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Theory Seminar: Jelani Nelson - BPTree: an l_2 heavy hitters algorithm using constant memory

In the 'frequent items' problem one sees a sequence of items in a stream (e.g. a stream of words coming into a search query engine like Google) and wants to report a small list of items containing all frequent items. We would like algorithms for this problem that use memory substantially sublinear in the length of the stream.

2019.03.19 | Dorthe Haagen Nielsen

Date Wed 20 Mar
Time 14:15 15:00
Location Nygaard-295 (5335-295), Åbogade 34, 8200 Aarhus N

In this talk we describe a new state-of-the-art solution to this problem, called the "BPTree". We make use of chaining methods to control the suprema of Rademacher processes to develop this new algorithm which has provably near-optimal memory consumption for the "l_2" heavy hitters problem, improving upon the CountSieve and CountSketch from previous work.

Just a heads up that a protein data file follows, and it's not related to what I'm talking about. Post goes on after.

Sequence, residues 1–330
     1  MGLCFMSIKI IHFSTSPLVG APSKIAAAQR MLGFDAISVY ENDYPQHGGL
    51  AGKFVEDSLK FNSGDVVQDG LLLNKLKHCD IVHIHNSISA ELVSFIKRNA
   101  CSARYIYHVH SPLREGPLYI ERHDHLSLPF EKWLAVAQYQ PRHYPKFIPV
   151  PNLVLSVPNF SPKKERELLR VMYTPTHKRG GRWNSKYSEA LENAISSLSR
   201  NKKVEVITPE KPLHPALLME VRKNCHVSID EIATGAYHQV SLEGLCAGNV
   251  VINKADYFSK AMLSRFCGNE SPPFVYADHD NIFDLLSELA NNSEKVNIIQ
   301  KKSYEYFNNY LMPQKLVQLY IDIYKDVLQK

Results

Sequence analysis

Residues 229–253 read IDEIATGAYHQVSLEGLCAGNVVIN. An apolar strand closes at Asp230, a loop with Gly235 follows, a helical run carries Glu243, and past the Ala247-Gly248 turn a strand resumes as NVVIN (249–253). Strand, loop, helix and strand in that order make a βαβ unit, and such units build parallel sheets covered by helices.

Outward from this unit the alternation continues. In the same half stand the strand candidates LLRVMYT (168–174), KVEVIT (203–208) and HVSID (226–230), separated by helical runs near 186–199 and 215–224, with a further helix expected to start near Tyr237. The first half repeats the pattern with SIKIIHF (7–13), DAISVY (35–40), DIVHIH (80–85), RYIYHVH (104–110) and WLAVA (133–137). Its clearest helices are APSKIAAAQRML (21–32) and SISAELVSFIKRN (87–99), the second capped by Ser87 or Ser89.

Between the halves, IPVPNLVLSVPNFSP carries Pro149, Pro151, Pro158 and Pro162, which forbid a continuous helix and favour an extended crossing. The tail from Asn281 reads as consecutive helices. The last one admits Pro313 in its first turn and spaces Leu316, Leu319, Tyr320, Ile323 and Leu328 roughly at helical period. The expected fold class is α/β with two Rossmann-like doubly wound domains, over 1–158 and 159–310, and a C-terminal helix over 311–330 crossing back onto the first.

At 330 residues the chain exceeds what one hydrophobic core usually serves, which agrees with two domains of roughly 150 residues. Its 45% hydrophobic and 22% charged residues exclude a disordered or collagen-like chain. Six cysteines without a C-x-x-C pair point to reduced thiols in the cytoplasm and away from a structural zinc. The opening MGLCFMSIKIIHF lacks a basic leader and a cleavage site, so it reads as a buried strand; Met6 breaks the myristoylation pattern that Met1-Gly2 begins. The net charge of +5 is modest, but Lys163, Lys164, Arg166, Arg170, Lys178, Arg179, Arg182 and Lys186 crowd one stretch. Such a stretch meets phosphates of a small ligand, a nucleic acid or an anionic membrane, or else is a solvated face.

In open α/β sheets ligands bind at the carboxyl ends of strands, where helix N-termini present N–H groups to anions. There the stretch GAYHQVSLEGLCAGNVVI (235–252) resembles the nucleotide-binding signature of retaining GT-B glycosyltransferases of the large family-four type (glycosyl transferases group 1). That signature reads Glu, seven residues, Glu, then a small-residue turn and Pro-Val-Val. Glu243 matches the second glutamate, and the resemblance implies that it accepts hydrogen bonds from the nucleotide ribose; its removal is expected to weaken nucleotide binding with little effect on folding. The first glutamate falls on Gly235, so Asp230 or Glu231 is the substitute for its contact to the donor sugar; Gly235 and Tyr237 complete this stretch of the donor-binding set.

Based on joint work with Vladimir Braverman, Stephen Chestnut, Nikita Ivkin, Zhengyu Wang, and David P. Woodruff

Bio:

Jelani Nelson is an Associate Professor of Computer Science and John L. Loeb Associate Professor of Engineering and Applied Sciences at Harvard University. Nelson is interested in big data and the development of efficient algorithms. He joined the computer science faculty at Harvard University in 2013 and has remained there since. He is known for his contributions to streaming algorithms and dimensionality reduction, including proving that the Johnson-Lindenstrauss lemma is optimal (with Kasper Green Larsen), developing the Sparse Johnson-Lindenstrauss Transform (with Daniel Kane), and an asymptotically optimal algorithm for the count-distinct problem (with Daniel Kane and David P. Woodruff).e holds two patents related to applications of streaming algorithms to network traffic monitoring applications.

Host: Kasper Green Larsen

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